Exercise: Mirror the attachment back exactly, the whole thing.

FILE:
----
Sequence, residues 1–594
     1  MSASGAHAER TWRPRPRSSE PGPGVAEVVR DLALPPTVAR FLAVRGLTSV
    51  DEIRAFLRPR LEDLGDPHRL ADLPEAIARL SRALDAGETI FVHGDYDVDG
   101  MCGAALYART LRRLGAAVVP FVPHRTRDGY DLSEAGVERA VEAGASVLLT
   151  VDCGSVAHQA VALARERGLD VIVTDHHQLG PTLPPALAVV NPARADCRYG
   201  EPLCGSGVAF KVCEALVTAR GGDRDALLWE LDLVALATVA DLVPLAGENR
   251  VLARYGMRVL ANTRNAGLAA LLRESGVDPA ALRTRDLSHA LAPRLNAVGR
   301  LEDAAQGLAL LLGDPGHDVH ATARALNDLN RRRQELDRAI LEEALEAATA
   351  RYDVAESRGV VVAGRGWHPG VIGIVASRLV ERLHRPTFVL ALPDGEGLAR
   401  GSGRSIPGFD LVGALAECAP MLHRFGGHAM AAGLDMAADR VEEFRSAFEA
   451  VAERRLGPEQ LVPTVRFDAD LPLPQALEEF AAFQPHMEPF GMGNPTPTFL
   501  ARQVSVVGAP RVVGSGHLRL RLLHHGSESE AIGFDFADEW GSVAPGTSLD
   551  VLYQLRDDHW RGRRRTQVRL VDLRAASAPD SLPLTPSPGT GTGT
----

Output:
Sequence, residues 1–594
     1  MSASGAHAER TWRPRPRSSE PGPGVAEVVR DLALPPTVAR FLAVRGLTSV
    51  DEIRAFLRPR LEDLGDPHRL ADLPEAIARL SRALDAGETI FVHGDYDVDG
   101  MCGAALYART LRRLGAAVVP FVPHRTRDGY DLSEAGVERA VEAGASVLLT
   151  VDCGSVAHQA VALARERGLD VIVTDHHQLG PTLPPALAVV NPARADCRYG
   201  EPLCGSGVAF KVCEALVTAR GGDRDALLWE LDLVALATVA DLVPLAGENR
   251  VLARYGMRVL ANTRNAGLAA LLRESGVDPA ALRTRDLSHA LAPRLNAVGR
   301  LEDAAQGLAL LLGDPGHDVH ATARALNDLN RRRQELDRAI LEEALEAATA
   351  RYDVAESRGV VVAGRGWHPG VIGIVASRLV ERLHRPTFVL ALPDGEGLAR
   401  GSGRSIPGFD LVGALAECAP MLHRFGGHAM AAGLDMAADR VEEFRSAFEA
   451  VAERRLGPEQ LVPTVRFDAD LPLPQALEEF AAFQPHMEPF GMGNPTPTFL
   501  ARQVSVVGAP RVVGSGHLRL RLLHHGSESE AIGFDFADEW GSVAPGTSLD
   551  VLYQLRDDHW RGRRRTQVRL VDLRAASAPD SLPLTPSPGT GTGT